Do You Know How Keanu Reeves Was Tricked into Starring in “The Watcher”?

The only reason why he had to do the film was the legal obligation bound to him because of the verbal agreement he had with the director. “I didn’t want to get sued,” he said in a recent interview.

Have you ever heard of this film? No? That’s because no one has.

“The Watcher” saga happened long before Keanu Reeves became a star, and at that time, he was a youth icon with a film like The Matrix already etched in his resume. Today he is an internet sensation with a long list of hit films under his belt, and that includes The Matrix, The Devil’s Advocate, Speed, The Lake House, and of course, the five-star action flick John Wick.

But as an adage teaches us-“You cannot become a samurai after one fight.” The same is true for Keanu Reeves as he had to do an awful lot of bad movies before he stumbled upon some which were appreciated throughout the world.

The year was 2000, and god knows whether Keanu Reeves had recovered from his trauma or not, but he had unwillingly found himself amidst an awful script and direction. The movie was a “brainchild” of Joe Charbanic (of course it was), and it starred Reeves, James Spader, and Marisa Tomei in the leading roles. The story followed a retired FBI agent who gets bullied and stalked by a serial killer David Allen Griffin (played by Keanu Reeves).

Nothing was suitable for Reeves in the film. The script was awful, the director was incompetent, and most importantly, his role was not his connatural liking. The film was deservedly bashed from all corners, and the awful amount of negative reviews that the film got was neither a surprise for Reeves nor for anyone.

Reeves was so pissed off that he made himself absent from the red carpets and other promotional events of the film. Few months after the film’s release, the truth came to the surface, and everyone came to know Reeves’ side of the story.

It is undeniable that Reeves was forced to do the film and whatever happened to him was nothing but an unforgivable scam.

It all started with a hockey game he had with the director Joe Charbanic. Honoring the friendship, Reeves agreed to do a small part in Charbanic’s film, thinking that he is helping a friend gain some money through his Matrix fame. However, Charbanic betrayed the trust of the great man and wrote a full part and signed him up for a leading role. Smelling a clear-cut betrayal, all Reeves wanted to do was to back out of it, but his lawyers firmly warned him against it as they sensed that the producers might already have a plan in place for that and Keanu Reeves would have to face an inevitable legal battle. Reeves reluctantly agreed to do the film, but as soon as he discovered that others were paid only a small amount compared to his colossal wages, the actor became so furious that he refused to do any promotions for the film.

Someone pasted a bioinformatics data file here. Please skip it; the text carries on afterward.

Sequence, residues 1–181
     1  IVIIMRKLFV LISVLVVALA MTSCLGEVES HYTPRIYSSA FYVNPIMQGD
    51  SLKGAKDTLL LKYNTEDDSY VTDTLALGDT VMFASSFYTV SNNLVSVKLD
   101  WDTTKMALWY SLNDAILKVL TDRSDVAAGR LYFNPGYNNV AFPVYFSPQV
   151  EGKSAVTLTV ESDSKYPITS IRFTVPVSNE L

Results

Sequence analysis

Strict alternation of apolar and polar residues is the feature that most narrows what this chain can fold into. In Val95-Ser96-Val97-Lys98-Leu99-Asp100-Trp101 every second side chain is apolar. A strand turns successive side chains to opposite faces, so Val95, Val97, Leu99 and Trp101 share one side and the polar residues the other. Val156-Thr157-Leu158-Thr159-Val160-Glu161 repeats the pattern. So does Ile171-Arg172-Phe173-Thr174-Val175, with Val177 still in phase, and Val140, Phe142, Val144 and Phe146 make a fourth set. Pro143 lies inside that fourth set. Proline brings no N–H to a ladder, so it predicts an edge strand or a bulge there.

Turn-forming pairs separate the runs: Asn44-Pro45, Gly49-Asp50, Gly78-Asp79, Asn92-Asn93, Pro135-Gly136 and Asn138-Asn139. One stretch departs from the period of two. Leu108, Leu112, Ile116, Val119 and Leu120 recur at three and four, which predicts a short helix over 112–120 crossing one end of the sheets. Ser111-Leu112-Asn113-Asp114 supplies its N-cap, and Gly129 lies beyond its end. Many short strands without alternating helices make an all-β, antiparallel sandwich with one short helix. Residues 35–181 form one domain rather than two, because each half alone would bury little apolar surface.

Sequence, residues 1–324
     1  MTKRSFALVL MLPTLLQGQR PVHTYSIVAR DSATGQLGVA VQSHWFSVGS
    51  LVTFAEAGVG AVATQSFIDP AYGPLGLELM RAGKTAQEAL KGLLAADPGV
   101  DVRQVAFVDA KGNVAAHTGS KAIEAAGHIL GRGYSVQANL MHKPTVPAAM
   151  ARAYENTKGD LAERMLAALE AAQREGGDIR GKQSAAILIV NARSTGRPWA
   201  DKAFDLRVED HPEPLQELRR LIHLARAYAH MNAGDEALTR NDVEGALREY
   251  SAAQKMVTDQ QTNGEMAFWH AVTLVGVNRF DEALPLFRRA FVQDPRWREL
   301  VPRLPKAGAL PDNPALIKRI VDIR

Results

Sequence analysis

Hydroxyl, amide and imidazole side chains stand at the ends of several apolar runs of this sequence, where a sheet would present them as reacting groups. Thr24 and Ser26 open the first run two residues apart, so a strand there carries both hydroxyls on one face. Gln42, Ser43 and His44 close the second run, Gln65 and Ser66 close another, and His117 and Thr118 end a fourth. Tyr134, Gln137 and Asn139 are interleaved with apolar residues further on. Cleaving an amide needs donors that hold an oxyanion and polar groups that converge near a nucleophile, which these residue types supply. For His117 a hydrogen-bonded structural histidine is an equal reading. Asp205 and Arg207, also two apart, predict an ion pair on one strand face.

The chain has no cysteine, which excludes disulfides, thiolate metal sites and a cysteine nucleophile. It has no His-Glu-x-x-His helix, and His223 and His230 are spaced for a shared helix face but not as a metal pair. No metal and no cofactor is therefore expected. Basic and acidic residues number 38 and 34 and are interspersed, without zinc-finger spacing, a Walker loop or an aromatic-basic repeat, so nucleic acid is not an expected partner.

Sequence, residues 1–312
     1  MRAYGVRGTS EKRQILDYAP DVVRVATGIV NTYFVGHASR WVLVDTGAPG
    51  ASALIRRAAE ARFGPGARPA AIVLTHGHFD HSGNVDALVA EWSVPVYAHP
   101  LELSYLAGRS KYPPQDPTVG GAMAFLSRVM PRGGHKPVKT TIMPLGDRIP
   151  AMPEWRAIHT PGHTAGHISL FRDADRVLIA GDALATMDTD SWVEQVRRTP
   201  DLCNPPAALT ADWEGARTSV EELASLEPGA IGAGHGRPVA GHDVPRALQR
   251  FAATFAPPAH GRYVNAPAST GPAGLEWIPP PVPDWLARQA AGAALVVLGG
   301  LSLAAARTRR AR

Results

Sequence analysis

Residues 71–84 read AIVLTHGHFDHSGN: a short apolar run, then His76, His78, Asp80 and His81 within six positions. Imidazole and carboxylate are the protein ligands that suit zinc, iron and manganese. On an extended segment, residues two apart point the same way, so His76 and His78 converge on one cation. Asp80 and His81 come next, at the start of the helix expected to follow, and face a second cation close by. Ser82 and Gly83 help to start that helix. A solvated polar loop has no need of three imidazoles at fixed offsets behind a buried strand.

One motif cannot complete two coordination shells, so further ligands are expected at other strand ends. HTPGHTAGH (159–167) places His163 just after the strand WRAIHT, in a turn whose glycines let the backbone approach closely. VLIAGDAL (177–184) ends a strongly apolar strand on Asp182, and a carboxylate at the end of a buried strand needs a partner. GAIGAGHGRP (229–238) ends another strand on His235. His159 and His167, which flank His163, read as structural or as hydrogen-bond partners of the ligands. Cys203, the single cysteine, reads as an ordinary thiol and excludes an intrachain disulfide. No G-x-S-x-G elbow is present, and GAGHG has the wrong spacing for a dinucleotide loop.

The actor also had one of his friends forging his signature on the contract papers, which made him handicapped over the entire issue.

Universal Studios made a gentleman’s agreement with Reeves. They excluded him from all the press tours, red carpets, and mainstream interviews as long as he confessed to not saying anything in public.

Reeves and his lawyers wanted to prove that there was a forgery in place, but they could not do so. The only thing he achieved from the betrayal was a failed film and the loss of two friends. If you ask Reeves now, he would be glad about the latter.

“The Watcher” was a colossal disaster, and let us all just forget that it ever happened.

Daisy Martin arrived on the cyber security scene in the early 2000s when virus and malware were still new and slowly evolving. Her longtime affair with writing with an interest in the cybersecurity industry, combined with her IT degree, has contributed to experience several aspects of security suite industry such as blogging at norton.com/setup.

SOURCE: Do You Know How Keanu Reeves Was Tricked into Starring in “The Watcher”?

Published by alexmercy066

Hello, I’m jack. I’m a student living in Uk. I am a expert in blogging and internet security in social networking

Leave a Reply

Fill in your details below or click an icon to log in:

WordPress.com Logo

You are commenting using your WordPress.com account. Log Out /  Change )

Twitter picture

You are commenting using your Twitter account. Log Out /  Change )

Facebook photo

You are commenting using your Facebook account. Log Out /  Change )

Connecting to %s

Create your website with WordPress.com
Get started
%d bloggers like this: